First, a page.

Against the backdrop of the fifteenth anniversary of 9/11, and questions of the Presidential candidates' health, the most powerful nation on earth will elect a new leader in November. The incoming President's tasks will be numerous: how to shape the economy, healing discontent around trade deals, and how to get Americans back to work, not to mention the direction of US foreign policy amid radically diverse world views. But just as it became the defining issue in our own referendum in June, immigration remains the single issue most Americans identify as important to how they vote.
The Republican candidate, Donald Trump, launched his campaign in a blaze of migrant condemnation, accusing Mexico of sending drug-dealers and rapists into the United States. His rhetoric might have got a bit more sophisticated but he still keeps pushing his proposal to build an 'impenetrable physical, tall, powerful, beautiful, southern border wall' 2,000 miles along the Mexican border (longer than the distance from London to Moscow) paid for by the Mexicans themselves. Added to this, Trump also plans to remove 11million illegal migrants currently living in the US.
As America's economy has become increasingly reliant on cheap manual labour, it is surely relevant that 65% of Americans believe that these 11million illegal immigrants should be allowed to become US citizens. It is estimated that illegal migrants make up 5% of the workforce and contributed more than $11.8billion in state and local taxes in 2012, even while they were living illegally in the country. At the same time, $18billion is spent every year in securing US borders. But how are these borders maintained, and what is being done to address these issues, which have become such a hot topic ahead of the Clinton/Trump face-off?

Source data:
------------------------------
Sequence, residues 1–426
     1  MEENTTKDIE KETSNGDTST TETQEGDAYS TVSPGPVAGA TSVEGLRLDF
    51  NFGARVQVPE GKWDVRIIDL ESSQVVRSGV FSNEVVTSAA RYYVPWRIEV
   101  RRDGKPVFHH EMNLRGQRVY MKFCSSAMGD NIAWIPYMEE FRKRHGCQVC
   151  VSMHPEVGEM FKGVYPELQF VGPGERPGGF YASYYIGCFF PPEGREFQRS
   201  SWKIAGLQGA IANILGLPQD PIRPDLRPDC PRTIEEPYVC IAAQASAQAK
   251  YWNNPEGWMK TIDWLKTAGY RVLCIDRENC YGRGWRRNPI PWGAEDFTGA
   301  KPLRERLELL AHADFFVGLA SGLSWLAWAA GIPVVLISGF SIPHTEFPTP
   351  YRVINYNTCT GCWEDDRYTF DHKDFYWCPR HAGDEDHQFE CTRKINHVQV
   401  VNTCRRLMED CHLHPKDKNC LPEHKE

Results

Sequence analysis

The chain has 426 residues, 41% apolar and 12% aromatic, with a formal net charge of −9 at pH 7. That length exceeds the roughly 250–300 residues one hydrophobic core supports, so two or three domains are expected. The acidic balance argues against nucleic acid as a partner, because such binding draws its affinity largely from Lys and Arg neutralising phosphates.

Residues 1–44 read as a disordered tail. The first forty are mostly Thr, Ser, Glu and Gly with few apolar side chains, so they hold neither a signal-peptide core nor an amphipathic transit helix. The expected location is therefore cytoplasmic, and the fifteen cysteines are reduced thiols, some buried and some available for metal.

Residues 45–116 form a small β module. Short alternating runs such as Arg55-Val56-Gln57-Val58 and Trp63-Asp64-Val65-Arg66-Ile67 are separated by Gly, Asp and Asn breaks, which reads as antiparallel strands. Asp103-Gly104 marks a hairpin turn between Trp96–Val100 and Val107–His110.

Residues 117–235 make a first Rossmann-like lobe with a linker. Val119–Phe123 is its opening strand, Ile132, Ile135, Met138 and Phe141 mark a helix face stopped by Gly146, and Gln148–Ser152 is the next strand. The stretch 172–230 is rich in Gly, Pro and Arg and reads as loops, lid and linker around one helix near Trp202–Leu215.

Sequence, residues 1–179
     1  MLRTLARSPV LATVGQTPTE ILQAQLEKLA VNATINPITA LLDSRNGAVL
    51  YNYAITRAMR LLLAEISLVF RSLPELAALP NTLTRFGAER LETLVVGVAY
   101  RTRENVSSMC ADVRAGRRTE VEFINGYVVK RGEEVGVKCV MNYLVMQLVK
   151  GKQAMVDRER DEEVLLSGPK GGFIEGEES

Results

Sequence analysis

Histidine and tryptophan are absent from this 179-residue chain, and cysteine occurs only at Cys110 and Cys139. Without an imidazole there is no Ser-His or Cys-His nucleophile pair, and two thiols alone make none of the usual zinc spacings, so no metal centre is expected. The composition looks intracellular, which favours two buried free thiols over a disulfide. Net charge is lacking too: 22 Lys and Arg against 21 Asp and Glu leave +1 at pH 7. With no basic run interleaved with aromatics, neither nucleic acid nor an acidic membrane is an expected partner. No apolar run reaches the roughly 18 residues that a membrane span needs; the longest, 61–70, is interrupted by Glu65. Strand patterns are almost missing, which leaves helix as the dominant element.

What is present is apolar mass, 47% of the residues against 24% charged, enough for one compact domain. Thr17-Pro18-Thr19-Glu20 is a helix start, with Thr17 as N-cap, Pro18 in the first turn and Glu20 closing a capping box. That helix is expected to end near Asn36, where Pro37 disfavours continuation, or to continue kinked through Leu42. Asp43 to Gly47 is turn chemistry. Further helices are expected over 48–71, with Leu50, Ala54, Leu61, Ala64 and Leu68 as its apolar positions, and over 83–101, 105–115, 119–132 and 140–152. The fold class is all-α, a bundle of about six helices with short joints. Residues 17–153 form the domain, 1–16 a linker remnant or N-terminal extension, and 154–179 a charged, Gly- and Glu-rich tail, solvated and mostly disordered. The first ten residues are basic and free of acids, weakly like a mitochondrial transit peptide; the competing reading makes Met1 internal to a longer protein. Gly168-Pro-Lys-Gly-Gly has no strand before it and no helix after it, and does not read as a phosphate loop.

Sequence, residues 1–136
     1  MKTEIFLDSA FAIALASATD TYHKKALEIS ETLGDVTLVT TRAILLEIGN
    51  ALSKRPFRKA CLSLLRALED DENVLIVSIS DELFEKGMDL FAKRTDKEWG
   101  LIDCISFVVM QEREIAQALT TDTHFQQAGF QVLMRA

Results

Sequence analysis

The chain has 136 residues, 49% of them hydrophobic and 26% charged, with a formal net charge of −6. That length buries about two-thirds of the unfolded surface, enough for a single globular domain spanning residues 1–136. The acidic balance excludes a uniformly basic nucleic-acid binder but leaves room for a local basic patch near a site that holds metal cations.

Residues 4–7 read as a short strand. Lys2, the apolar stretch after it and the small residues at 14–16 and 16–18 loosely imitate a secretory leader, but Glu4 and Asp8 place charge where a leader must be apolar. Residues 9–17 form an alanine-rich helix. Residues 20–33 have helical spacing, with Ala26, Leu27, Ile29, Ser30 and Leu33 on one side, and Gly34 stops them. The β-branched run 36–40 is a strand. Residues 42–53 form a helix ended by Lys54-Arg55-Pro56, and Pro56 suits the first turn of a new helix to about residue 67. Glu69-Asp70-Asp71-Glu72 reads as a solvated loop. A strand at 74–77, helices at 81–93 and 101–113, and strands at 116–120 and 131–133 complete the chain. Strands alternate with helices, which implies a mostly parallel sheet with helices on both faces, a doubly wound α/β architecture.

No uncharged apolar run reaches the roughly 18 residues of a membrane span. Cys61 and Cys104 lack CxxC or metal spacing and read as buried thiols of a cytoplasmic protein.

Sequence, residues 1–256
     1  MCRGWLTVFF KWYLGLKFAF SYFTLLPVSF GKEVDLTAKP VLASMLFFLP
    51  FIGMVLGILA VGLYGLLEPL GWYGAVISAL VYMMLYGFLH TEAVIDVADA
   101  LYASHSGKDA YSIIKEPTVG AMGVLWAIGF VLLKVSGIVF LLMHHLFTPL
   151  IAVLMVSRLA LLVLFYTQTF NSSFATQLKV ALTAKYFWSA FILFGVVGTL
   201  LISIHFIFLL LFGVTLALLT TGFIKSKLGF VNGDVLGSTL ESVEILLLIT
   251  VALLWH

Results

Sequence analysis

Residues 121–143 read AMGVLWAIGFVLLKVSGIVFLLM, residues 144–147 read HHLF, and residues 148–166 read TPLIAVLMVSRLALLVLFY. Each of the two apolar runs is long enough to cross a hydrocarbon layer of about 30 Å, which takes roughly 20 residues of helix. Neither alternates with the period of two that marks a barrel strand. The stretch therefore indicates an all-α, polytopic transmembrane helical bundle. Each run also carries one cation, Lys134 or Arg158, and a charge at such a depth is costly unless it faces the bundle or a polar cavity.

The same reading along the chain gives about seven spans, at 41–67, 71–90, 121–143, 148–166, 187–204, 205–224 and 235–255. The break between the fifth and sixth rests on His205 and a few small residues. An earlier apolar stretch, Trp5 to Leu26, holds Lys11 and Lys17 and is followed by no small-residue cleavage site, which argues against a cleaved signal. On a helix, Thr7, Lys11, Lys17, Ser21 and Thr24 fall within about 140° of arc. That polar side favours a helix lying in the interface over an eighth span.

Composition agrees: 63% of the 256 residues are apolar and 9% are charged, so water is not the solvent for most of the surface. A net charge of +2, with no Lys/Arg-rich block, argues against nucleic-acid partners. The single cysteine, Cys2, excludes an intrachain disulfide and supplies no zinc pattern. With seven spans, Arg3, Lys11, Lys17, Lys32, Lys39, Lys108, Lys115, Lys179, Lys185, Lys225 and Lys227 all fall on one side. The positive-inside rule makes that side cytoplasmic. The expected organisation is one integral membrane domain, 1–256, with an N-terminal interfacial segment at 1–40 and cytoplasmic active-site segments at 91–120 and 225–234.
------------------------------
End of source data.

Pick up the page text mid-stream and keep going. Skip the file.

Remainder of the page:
In May I went with the Extreme World team to the US/Mexican border to investigate the attitudes, views and motivations of the people involved in the issue, from those spending thousands of dollars and risking their lives to cross the border, to the smugglers and traffickers making millions from this massive business to the men and women who are paid to try and stop them.